Anwar Awlaki died in a drone strike in Yemen. (Associated Press )
Tujunga resident Zareh Delanchian took issue with Yale Law School professor Peter Schuck's discussion of dual citizenship and Al Qaeda recruitment in his Feb. 17 Op-Ed article on drone strikes and due process.
"I am a dual citizen of the United States and Britain but have lived in America most of my life. I want to thank Schuck for warning me that I could be more easily swayed by terrorists. In fact, I love America and its way of life, but maybe there is some kind of switch in my head that may activate my desire to kill.
"Schuck actually wrote this sentence: 'But there remains a darker side to dual citizenship.' Now, I might believe him if he actually offered up some empirical evidence that dual citizens are more likely to become enemies of the U.S. But it's just an irrelevant and paranoid point in a broader discussion of how constitutional rights apply to American citizens targeted by drones."
Peter Schuck responds:
Delanchian has overreacted. He's read my piece as if I questioned any dual citizen's loyalty. To the contrary, I could hardly have been clearer that despite almost universal opposition to dual citizenship in the past, it has increased "mostly for good reasons," it has "legitimate causes" and "in practice, it causes little harm."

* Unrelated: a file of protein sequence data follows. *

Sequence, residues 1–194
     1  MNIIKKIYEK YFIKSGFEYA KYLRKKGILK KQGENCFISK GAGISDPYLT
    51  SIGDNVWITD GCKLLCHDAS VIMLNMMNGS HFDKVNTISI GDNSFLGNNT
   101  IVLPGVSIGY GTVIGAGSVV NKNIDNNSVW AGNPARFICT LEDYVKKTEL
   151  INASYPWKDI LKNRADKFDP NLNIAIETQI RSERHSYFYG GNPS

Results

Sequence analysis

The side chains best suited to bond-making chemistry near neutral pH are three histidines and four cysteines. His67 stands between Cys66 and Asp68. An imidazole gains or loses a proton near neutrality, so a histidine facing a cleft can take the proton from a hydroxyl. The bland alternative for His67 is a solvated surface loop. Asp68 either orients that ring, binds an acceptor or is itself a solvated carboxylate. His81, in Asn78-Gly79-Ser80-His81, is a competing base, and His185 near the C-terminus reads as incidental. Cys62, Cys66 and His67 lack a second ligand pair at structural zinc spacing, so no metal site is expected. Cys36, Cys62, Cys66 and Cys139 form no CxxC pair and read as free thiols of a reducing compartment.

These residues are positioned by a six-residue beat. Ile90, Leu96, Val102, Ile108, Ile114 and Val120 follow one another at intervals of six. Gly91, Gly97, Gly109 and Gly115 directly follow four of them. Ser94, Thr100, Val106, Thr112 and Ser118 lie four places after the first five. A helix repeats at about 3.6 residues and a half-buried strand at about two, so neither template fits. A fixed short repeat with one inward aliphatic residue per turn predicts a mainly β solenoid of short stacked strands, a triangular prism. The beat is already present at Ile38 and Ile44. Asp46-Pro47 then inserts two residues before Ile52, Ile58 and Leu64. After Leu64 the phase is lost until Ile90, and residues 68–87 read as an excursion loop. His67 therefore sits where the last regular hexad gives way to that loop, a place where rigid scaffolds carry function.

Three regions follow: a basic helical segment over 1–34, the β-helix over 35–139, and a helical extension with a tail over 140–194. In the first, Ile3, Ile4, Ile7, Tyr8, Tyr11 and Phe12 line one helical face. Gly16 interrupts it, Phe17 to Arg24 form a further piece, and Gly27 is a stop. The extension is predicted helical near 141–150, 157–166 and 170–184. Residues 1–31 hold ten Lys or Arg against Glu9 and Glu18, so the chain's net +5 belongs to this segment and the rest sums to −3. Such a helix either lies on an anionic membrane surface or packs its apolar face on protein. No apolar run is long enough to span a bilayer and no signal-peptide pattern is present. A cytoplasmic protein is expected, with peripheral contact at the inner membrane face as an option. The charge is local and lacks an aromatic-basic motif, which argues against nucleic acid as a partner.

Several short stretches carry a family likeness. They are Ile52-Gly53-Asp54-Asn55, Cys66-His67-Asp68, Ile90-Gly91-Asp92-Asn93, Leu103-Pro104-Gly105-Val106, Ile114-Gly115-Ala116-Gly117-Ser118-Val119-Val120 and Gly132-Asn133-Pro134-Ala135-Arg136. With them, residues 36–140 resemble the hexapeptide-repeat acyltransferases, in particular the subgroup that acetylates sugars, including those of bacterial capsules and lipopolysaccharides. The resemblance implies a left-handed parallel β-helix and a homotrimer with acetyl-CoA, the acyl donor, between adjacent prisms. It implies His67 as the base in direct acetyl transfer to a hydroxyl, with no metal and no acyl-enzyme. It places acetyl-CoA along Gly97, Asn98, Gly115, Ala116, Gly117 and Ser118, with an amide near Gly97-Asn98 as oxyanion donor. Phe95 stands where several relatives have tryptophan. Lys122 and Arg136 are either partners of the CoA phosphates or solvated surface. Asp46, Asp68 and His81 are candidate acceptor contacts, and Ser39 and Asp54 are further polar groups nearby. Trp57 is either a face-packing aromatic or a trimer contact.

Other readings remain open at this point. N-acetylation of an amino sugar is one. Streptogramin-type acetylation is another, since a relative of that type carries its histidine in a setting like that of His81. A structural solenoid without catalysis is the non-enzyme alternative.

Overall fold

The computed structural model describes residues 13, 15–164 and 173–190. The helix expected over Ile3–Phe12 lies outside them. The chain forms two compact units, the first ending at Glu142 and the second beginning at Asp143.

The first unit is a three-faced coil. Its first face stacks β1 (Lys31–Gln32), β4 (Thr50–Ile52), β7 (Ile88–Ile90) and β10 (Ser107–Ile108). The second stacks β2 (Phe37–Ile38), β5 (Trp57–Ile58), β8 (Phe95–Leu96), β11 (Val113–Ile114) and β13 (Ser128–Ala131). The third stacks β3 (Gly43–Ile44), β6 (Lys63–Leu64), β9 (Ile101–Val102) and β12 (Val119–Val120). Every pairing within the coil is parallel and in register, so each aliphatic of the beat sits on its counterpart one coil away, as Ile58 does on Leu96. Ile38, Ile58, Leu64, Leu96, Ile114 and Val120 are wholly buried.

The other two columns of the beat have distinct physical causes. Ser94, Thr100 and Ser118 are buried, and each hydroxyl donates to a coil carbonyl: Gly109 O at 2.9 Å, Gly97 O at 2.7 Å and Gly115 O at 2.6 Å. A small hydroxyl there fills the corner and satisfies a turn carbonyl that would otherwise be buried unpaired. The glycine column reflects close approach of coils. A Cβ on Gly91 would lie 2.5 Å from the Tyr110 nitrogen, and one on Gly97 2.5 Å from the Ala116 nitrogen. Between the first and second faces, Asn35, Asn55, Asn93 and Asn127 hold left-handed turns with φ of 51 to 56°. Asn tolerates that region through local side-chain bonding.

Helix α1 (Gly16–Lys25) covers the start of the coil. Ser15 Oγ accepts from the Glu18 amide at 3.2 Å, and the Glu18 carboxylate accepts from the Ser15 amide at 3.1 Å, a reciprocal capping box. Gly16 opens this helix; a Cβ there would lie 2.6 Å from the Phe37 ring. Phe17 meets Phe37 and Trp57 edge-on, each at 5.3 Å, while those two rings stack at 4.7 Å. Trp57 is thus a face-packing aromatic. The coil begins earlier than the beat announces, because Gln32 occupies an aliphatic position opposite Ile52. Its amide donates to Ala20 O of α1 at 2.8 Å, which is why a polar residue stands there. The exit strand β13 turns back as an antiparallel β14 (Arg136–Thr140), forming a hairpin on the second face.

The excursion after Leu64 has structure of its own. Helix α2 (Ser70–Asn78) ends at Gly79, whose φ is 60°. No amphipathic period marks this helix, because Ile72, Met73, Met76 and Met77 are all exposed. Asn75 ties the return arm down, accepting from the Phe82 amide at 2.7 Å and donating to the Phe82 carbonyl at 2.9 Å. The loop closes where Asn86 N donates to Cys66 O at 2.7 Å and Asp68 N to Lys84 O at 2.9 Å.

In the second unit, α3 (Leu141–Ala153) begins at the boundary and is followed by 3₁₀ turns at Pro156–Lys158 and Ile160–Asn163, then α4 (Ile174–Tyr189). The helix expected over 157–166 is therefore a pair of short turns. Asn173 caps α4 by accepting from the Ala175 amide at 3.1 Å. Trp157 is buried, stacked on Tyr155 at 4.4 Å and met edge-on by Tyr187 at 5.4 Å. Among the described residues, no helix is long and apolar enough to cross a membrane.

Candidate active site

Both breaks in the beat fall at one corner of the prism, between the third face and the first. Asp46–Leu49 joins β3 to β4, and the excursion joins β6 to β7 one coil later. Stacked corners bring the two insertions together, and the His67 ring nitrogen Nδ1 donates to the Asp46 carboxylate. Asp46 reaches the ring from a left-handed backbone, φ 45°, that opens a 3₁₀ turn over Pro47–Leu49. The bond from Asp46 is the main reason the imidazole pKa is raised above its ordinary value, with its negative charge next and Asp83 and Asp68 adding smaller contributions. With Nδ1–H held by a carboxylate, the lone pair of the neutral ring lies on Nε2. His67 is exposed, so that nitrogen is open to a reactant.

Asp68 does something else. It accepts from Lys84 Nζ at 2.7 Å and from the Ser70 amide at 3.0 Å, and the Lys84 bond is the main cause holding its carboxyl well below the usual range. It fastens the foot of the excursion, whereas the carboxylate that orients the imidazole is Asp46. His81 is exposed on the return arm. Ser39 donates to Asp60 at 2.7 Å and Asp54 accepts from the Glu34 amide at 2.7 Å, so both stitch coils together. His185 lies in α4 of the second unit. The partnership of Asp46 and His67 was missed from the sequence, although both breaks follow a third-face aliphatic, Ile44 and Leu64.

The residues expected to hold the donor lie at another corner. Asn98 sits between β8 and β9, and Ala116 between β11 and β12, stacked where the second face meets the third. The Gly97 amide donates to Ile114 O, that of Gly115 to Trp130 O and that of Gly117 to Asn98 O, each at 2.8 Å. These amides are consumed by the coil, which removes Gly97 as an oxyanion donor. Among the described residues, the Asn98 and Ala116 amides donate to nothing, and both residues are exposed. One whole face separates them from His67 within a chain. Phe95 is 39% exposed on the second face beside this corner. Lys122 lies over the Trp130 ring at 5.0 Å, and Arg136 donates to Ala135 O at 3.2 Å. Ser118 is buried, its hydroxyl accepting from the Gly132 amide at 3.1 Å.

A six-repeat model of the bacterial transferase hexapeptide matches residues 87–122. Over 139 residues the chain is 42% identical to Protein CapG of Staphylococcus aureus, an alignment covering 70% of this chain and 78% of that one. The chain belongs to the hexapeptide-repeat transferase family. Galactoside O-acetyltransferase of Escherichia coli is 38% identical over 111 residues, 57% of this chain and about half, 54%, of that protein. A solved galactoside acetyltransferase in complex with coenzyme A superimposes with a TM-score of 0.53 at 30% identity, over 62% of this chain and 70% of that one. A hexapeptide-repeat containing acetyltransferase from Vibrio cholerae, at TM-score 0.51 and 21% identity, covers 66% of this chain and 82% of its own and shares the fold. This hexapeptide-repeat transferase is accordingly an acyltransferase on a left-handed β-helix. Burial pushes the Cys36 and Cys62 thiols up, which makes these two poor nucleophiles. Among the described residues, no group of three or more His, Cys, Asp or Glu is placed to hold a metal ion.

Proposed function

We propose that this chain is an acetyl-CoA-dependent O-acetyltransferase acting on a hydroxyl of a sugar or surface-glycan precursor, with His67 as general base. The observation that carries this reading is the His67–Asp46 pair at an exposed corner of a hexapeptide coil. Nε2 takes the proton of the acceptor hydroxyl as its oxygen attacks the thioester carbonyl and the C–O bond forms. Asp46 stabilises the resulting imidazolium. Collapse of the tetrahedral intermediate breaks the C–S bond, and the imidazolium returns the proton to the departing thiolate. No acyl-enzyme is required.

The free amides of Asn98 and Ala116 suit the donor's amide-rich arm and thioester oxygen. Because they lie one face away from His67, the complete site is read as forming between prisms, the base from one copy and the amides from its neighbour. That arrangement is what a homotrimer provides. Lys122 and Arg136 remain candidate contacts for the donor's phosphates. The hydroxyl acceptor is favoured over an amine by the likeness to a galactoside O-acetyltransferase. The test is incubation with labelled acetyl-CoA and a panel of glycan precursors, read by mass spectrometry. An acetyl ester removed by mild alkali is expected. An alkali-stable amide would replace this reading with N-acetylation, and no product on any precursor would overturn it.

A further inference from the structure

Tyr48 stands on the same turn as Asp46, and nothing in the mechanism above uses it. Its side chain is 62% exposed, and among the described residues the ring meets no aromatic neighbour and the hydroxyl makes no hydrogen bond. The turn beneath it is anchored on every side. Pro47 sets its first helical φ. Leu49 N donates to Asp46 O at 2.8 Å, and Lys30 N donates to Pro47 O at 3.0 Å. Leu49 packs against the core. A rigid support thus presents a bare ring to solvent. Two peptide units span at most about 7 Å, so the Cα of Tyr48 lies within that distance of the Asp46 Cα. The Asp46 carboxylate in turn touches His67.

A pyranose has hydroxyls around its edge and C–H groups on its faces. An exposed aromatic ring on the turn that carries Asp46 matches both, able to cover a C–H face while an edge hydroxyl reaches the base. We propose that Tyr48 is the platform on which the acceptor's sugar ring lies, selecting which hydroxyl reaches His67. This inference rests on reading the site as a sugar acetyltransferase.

I noted that "some dual citizens who spend most of their lives abroad now have only notional ties to the United States rather than a genuine communal or emotional connection." Note the word "some"; would anyone deny that "some" meet this description?
I then suggested that Al Qaeda is more likely to seek to recruit from this group than from dual citizens who have spent most of their lives in the U.S. and who do feel those communal and emotional ties to our country. Given the advantages of carrying a U.S. passport, would anyone deny the logic of such a recruiting tactic? If you were an Al Qaeda tactician seeking to harm America, wouldn't you give attention to this group?
I also limited my concern to the vanishingly small subset of dual citizens who meet four very unusual conditions: First, there must be hard, actionable intelligence of their participation in a plot to kill Americans; second, the citizenship of potential targets is really in name only; third, they refuse to return to the U.S. to stand trial; and fourth, their capture would present too great a risk.
The "darker side to dual citizenship" to which I referred is this subset, which is limited to one individual — Anwar Awlaki.
I did not suggest, nor do I believe, that dual citizens as a group could be more easily swayed by terrorists than other people could. Delanchian says that my discussion of dual citizenship and due process is paranoid. I submit that this more accurately describes his reaction to my piece.
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